The race starts on Harelbeke's Grote Markt and travels east on mainly flat roads towards Oudenaarde and Zottegem. The riders reach the most easterly point in Ninove after 85 km, before returning west via Geraardsbergen, after which the race addresses the bergs and cobbled roads of the Flemish Ardennes in the south of East Flanders. The race unfolds in the hill zone with a succession of short, sharp climbs as the course loops between Ronse and Oudenaarde.[21]

The last climbs in the Flemish Ardennes – Paterberg, Oude Kwaremont and Karnemelkbeekstraat – are notoriously difficult and the sites where the race tends to split apart for good; before the race re-enters West Flanders for a mainly flat run-in to the finish. The Tiegemberg, the last climb of the day, comes at 20 kilometres from the finish in Harelbeke.[21]

Profile of the 2012 edition

Hills and cobbles[edit]

In 2017 there were 15 categorized hills.[22] The climbs, in order of appearance, are Katteberg, La Houppe, Kruisberg, Côte de Trieu, Hotond, Kortekeer, Taaienberg, Boigneberg, Eikenberg, Stationsberg, Kapelberg, Paterberg, Oude Kwaremont, Karnemelkbeekstraat and Tiegemberg. The Paterberg is a cobbled 300m climb that averages 12.5%, while the Oude Kwaremont is 2200m, of which 1500m cobbled, with a gradient average of 4.2%. In addition to the climbs, there are four flat stretches of cobbled roads.[21]

Winners[edit]

Rider Team
1958 Belgium Armand Desmet (BEL) Groene Leeuw-Leopold
1959 Belgium Norbert Kerckhove (BEL) Faema-Guerra
1960 Belgium Daniel Doom (BEL) Wiel's–Flandria
1961 Belgium Arthur De Cabooter (BEL) Groene Leeuw-SAS-Sinalco
1962 Belgium André Messelis (BEL) Wiel's-Groene Leeuw
1963 Belgium Noël Foré (BEL) Faema-Flandria
1964 Belgium Rik Van Looy (BEL) Solo-Superia
1965 Belgium Rik Van Looy (BEL) Solo-Superia
1966 Belgium Rik Van Looy (BEL) Solo-Superia
1967 Belgium Willy Bocklant (BEL) Flandria–De Clerck
1968 Belgium Jaak De Boever (BEL) Smiths
1969 Belgium Rik Van Looy (BEL) Willem II-Gazelle
1970 Belgium Daniel Van Ryckeghem (BEL) Mann-Grundig
1971 Belgium Roger De Vlaeminck (BEL) Flandria–Mars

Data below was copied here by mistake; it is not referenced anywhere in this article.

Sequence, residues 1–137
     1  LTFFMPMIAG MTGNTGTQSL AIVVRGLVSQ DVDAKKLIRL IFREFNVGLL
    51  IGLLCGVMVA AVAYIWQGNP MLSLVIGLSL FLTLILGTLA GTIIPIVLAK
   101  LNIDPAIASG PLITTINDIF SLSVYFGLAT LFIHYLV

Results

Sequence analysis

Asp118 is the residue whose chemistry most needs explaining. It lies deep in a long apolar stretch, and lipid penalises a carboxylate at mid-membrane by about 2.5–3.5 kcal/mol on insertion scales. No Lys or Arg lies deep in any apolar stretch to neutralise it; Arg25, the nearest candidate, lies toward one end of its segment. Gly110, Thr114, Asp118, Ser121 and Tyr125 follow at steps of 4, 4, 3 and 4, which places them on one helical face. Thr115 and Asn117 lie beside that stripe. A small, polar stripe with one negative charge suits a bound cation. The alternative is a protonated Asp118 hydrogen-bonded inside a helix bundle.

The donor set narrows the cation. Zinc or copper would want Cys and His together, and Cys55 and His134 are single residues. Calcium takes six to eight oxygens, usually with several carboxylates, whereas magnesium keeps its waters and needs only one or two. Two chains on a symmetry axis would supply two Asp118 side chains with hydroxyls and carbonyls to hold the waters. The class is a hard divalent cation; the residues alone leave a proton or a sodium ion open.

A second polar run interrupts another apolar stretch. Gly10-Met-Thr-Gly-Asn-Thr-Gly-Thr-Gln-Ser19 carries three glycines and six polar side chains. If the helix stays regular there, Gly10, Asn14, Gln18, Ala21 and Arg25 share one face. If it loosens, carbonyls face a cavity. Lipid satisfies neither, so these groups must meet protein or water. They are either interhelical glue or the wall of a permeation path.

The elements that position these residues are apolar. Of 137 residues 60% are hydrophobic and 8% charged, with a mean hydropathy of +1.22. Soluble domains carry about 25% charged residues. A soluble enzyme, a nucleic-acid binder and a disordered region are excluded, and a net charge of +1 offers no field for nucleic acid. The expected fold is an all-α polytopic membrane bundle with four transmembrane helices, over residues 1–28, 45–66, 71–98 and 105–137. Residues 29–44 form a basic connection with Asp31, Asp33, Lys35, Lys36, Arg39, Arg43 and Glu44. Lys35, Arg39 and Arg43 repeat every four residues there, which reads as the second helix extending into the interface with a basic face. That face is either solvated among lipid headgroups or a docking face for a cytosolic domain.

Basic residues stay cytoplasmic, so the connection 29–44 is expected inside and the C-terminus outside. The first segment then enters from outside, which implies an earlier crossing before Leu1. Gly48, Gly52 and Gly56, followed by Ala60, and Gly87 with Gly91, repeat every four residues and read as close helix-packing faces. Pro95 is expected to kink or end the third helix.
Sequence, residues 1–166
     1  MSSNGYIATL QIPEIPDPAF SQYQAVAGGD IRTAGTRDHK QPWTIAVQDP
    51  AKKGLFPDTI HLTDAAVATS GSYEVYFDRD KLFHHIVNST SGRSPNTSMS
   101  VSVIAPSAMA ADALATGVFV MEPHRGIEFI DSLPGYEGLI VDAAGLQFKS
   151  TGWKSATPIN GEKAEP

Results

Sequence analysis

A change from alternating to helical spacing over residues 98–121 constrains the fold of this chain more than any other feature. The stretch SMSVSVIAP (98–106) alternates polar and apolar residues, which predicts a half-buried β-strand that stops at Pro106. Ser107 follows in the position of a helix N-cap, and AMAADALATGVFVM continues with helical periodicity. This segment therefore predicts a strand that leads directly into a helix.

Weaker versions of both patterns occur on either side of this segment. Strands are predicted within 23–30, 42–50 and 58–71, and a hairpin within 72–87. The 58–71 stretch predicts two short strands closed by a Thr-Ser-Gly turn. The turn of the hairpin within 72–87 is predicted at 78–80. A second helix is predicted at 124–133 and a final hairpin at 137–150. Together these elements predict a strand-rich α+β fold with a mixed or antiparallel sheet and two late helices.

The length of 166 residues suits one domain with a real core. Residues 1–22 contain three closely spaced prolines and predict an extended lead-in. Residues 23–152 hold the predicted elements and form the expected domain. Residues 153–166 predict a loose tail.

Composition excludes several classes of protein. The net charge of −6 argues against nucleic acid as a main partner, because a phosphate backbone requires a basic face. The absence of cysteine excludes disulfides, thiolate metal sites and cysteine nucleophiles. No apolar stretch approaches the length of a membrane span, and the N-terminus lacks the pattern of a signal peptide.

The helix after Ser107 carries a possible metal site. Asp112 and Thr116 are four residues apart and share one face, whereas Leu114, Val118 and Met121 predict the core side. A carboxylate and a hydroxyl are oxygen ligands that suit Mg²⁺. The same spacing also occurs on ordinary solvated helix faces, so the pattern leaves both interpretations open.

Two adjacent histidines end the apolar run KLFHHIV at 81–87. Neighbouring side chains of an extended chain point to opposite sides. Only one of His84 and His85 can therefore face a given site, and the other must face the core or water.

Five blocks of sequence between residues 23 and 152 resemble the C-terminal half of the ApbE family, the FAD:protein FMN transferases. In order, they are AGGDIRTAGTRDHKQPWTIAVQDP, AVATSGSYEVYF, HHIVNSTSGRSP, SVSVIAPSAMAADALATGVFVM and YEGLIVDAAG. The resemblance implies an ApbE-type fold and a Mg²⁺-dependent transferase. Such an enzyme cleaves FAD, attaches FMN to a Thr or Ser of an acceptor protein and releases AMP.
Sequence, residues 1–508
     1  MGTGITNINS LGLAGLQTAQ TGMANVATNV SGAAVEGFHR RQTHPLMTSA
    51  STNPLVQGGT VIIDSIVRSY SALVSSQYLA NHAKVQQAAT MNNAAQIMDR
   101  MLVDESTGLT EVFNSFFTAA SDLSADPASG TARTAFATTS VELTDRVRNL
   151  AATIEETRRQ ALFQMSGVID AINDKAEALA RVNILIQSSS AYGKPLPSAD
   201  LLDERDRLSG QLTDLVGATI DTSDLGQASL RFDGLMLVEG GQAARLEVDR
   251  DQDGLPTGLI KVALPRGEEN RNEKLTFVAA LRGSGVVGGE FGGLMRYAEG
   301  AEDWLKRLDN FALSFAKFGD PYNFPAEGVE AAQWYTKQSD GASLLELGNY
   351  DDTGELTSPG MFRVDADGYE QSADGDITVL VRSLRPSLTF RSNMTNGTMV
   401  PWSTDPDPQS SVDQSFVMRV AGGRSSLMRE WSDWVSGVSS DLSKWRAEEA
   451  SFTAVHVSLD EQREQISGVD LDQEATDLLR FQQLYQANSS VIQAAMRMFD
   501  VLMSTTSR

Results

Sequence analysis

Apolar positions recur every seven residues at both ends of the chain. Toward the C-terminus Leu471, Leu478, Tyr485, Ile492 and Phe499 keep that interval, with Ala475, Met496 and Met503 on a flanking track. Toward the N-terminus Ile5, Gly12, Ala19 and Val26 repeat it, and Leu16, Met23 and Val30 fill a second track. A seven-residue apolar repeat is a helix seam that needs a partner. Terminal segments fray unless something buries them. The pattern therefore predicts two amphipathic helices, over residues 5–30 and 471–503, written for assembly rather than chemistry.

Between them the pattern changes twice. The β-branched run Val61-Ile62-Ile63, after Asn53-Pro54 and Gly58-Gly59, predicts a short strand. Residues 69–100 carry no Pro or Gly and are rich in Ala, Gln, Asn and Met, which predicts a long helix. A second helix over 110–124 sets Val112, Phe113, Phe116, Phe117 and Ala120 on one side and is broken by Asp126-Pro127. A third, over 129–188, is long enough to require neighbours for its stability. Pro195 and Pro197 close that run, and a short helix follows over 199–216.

1972 Belgium Hubert Hutsebaut (BEL) Goldor-IJsboerke
1973 Belgium Willy In 't Ven (BEL) Molteni
1974 Belgium Herman Van Springel (BEL) MIC-Ludo-De Gribaldy
1975 Belgium Frans Verbeeck (BEL) Maes-Watney
1976 Belgium Walter Planckaert (BEL) Maes-Rokado
1977 Germany Dietrich Thurau (GER) TI–Raleigh
1978 Belgium Freddy Maertens (BEL) Flandria–Velda–Lano
1979 Netherlands Jan Raas (NED) TI–Raleigh
1980 Netherlands Jan Raas (NED) TI–Raleigh
1981 Netherlands Jan Raas (NED) TI–Raleigh
1982 Belgium Jan Bogaert (BEL) Europ Decor
1983 Belgium William Tackaert (BEL) Splendor-Euroshop
1984 Netherlands Bert Oosterbosch (NED) Panasonic–Raleigh
1985 Australia Phil Anderson (AUS) Panasonic–Raleigh
1986 Belgium Eric Vanderaerden (BEL) Panasonic–Merckx–Agu
1987 Belgium Eddy Planckaert (BEL) Panasonic–Isostar
1988 Italy Guido Bontempi (ITA) Carrera Jeans–Vagabond
1989 Belgium Eddy Planckaert (BEL) ADR-Coors Light
1990 Denmark Søren Lilholt (DNK) Histor-Sigma
1991 Germany Olaf Ludwig (GER) Panasonic–Sportlife
1992 Belgium Johan Museeuw (BEL) Lotto–Mavic–MBK
1993 Italy Mario Cipollini (ITA) GB-MG Maglificio
1994 Moldova Andrei Tchmil (MDA) Lotto
1995 Belgium Bart Leysen (BEL) Mapei–GB–Latexco
1996 Belgium Carlo Bomans (BEL) Mapei–GB
1997 Belgium Hendrik Van Dijck (BEL) TVM-Farm Frites
1998 Belgium Johan Museeuw (BEL) Mapei–Bricobi
1999 Belgium Peter Van Petegem (BEL) TVM-Farm Frites
2000 Russia Sergei Ivanov (RUS) Farm Frites
2001 Belgium Andrei Tchmil (BEL) Lotto–Adecco
2002 Italy Dario Pieri (ITA) Alessio
2003 Netherlands Steven de Jongh (NED) Rabobank
2004 Belgium Tom Boonen (BEL) Quick-Step–Davitamon
2005 Belgium Tom Boonen (BEL) Quick-Step–Innergetic
2006 Belgium Tom Boonen (BEL) Quick-Step–Innergetic
2007 Belgium Tom Boonen (BEL) Quick-Step–Innergetic
2008 Norway Kurt Asle Arvesen (NOR) Team CSC
2009 Italy Filippo Pozzato (ITA) Team Katusha
2010 Switzerland Fabian Cancellara (SUI) Team Saxo Bank
2011 Switzerland Fabian Cancellara (SUI) Leopard Trek
2012 Belgium Tom Boonen (BEL) Omega Pharma–Quick-Step
2013 Switzerland Fabian Cancellara (SUI) RadioShack–Leopard
2014 Slovakia Peter Sagan (SVK) Cannondale
2015 United Kingdom Geraint Thomas (GBR) Team Sky
2016 Poland Michał Kwiatkowski (POL) Team Sky
2017 Belgium Greg Van Avermaet (BEL) BMC Racing Team
2018 Netherlands Niki Terpstra (NED) Quick-Step Floors
2019 Czech Republic Zdeněk Štybar (CZE) Deceuninck–Quick-Step

Multiple winners[edit]

Riders in italics are still active.

Wins Rider Editions
5  Tom Boonen (BEL) 2004, 2005, 2006, 2007, 2012
4  Rik Van Looy (BEL) 1964, 1965, 1966, 1969
3  Jan Raas (NED) 1979, 1980, 1981
 Fabian Cancellara (SUI) 2010, 2011, 2013
2  Eddy Planckaert (BEL) 1987, 1989
 Johan Museeuw (BEL) 1992, 1998
 Andrei Tchmil (BEL) 1994, 2001

Wins per country[edit]

Wins Country
38  Belgium
6  Netherlands
4  Italy
3   Switzerland
2  Germany
1  Australia
 Czech Republic
 Denmark
 Moldova
 Norway
 Poland
 Russia
 Slovakia
 United Kingdom

Statistics and trivia[edit]

Welsh rider Geraint Thomas won the 2015 event and became the first winner who also won the Tour de France, following his 2018 Tour de France win.
  • E3 Harelbeke is the only Flemish one-day cycling event at World Tour level that is not owned and organized by Flanders Classics.
  • The fastest edition was the 2003 event, won by Dutchman Steven de Jongh in an average speed of 45.9 km/h.[23]